When in Sweden…

Last weekend I tried skiing for the first time, however unless there is an event for slowly sliding backwards down a snowy slope while saying ‘Oh dear’, I fear I won’t be participating in the winter Olympics this year.

I’ve long entertained romantic images of myself gliding easy across snowdrifts, looking around at trees and stunning vistas and have been looking forward to trying it out while we’re here in Scandinavia. My partner was even more enthused, having been snowboarding before and eager to try again, so when he found a ski park not far from Göteborg, the plan was set.
We headed off with two friends, bright and early, though were discouraged by the recent rain and the iciness of the snow that remained. On our arrival we found that the snow had been iced over and was very slippery, and as we waited for the park to open we weighed our options. There were no lessons available and these weren’t the ideal conditions, but nothing it seemed could prevent my partner from unleashing himself upon the slopes. His first attempt on the little slope was, well, his first attempt, but eventually he set off up the bigger slopes and was soon gliding happily down, hardly ever on his back.

Ready to hit the slopes

Ready to hit the slopes

Meanwhile I decided to have a go and got myself decked out skiing gear and had my first try and skiing. Not quite graceful gliding, but after much concentration and effort I did manage to move forward. One of the friends who had come with us joined me and we set to, slowly climbing the little slope and then trying to work out how to stop or turn as we sped down again. By observing others (mostly around the age of 5 in our area) I worked out the basics, but each attempt at stopping or slowing down resulting in shooting off to the left. An attempt from the pinnacle of the little slope resulted in sliding into a pole and gradually making my way down while trying not to go tearing off into the lifts.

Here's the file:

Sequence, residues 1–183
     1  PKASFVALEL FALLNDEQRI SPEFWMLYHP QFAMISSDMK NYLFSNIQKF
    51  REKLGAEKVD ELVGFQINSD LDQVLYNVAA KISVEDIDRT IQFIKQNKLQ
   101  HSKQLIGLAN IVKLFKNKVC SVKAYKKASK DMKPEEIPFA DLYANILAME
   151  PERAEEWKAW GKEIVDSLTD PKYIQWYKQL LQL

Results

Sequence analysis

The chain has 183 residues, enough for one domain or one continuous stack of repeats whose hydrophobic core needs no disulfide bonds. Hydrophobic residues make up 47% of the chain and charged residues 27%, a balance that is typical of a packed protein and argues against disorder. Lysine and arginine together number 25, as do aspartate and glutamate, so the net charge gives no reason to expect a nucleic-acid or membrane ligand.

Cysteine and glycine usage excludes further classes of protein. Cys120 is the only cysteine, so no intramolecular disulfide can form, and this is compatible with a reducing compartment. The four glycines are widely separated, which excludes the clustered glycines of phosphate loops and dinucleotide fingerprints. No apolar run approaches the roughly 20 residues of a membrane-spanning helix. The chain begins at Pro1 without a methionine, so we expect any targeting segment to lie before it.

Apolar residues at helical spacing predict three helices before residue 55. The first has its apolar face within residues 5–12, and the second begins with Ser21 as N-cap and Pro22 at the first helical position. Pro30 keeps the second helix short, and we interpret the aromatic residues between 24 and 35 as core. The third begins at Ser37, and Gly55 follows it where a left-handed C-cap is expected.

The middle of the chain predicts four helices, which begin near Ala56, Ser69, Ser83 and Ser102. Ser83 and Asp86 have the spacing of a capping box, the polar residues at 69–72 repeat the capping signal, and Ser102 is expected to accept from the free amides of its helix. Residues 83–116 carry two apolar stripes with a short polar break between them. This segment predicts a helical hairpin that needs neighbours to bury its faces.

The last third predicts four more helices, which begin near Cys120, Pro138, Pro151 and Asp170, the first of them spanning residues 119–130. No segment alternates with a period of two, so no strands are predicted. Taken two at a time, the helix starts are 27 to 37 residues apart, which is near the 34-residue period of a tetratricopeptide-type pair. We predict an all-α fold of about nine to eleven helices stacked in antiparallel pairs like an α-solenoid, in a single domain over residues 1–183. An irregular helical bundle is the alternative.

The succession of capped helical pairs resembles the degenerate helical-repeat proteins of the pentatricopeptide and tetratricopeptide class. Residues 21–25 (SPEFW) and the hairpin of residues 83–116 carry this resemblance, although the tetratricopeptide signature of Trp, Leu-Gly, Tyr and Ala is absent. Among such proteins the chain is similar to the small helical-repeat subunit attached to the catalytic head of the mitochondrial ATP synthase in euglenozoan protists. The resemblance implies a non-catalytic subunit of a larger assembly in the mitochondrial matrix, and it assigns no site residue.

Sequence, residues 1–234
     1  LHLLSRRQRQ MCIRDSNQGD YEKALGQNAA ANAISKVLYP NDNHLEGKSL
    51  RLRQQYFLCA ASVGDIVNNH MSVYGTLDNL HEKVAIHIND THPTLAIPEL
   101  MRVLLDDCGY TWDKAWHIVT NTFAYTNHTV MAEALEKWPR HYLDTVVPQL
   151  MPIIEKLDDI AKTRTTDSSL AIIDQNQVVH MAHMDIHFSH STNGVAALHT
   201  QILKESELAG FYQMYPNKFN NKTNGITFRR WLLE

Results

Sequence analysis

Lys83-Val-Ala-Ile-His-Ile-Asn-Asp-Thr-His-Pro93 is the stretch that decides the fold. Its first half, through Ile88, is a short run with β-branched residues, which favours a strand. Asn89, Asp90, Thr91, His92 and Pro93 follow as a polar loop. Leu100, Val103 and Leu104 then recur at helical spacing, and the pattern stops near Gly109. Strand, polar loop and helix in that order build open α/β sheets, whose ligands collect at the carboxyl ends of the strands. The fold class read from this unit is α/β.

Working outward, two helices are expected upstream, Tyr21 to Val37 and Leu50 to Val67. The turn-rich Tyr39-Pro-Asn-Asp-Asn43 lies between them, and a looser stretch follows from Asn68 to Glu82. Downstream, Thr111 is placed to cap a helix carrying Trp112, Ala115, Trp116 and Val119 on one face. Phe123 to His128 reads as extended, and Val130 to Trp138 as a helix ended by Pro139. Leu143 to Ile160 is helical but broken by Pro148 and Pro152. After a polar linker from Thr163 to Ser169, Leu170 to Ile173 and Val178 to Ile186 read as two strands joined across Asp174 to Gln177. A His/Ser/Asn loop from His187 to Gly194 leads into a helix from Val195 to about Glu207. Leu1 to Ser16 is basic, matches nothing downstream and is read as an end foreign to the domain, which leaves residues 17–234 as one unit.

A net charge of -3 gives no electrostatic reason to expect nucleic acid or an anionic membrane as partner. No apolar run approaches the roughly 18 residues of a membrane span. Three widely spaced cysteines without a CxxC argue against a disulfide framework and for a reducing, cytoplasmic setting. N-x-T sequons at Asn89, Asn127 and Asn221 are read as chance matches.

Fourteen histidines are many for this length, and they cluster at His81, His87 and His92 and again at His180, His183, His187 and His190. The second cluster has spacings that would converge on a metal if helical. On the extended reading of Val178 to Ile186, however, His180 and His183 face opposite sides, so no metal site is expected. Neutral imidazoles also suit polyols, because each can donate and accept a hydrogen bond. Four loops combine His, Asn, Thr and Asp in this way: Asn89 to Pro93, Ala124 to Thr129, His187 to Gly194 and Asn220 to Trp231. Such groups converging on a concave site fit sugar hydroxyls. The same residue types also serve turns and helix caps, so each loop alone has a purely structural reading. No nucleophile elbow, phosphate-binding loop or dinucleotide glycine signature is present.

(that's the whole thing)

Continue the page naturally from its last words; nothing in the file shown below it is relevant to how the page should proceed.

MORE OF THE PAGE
At the end of the day, though, much progress had been made from knowing nothing, though a descent from the taller slope was still out of the question. Next time I would like to try cross-country skiing, which I imagine would involve fewer slopes. Also lessons.

Study can be fun

Study can be fun

Other than adventures in the snow, this last week has been primarily focussed on preparing for a Swedish test on Wednesday, and another next Wednesday. This week’s was in preparation for the other which is much more important, and to show us and the teacher what we need to be focussing on. For me it was mostly writing. It seems sort of odd to me now as I happily type away that stringing words together is such a struggle, but someone the rules don’t seem to penetrate. What I need to do, I think, is divorce the forming sentences from all English grammar and think only in term of Swedish.
Subjekt – Verb – Objekt.
Q-ord – Verb – Subject – V2 – Objekt.
Adverbial – Verb – Subjekt – V2 – Objekt.
Infinitiv efter hjalpverb.
Still they are rules, floating above the forming ideas, not implanted yet. More practice is needed. Perhaps I should write an update in svenska någon tid? För en publik av en.

Getting there!

Getting there!

On the subject of writing I have also managed recently to finish a short story, the first one I’ve finished in over a year. Yay! It is currently being read out at the finest writing centre in the world (who me, biased?) by an obliging friend and getting good reviews and critiques. Which makes the distance between Göteborg and Greenmount Hill seem not so vast.

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To the sea

This update was started as I sat on a rock overlooking the sea in Saltholmen, alternately scribbling in my writing pad and staring around at the perfectly serene surroundings. I didn’t lug my laptop to the coast and up that hill, and so I’m now typing it up at home, while a rainy mist persists outside.

Göteborg is a city that is tied to the sea. Since it’s founding it has lived by the ships that still meander up the Göte älv to disgorge their contents on the docks that, unlike other harbour cities I’ve seen haven’t yet been reclaimed as fashionable apartments. The Gulf Stream which passes nearby keeps it relatively warm, so far warm enough for a sheltered Australian who can only imagine snowy winters as Yule cards. (As I retype these notes, Fantasia on a Theme by Thomas Tallis, the most oceanic music I know, has started playing, and as well as seeing the still surface of the bays at Saltholmen, I can see the dark beneath the waves.) I’ve always been drawn to bodies of water, whether rivers, lakes or the ocean, fancifully I imagine it could be because about 80% of me is water, but to be honest I don’t know for sure.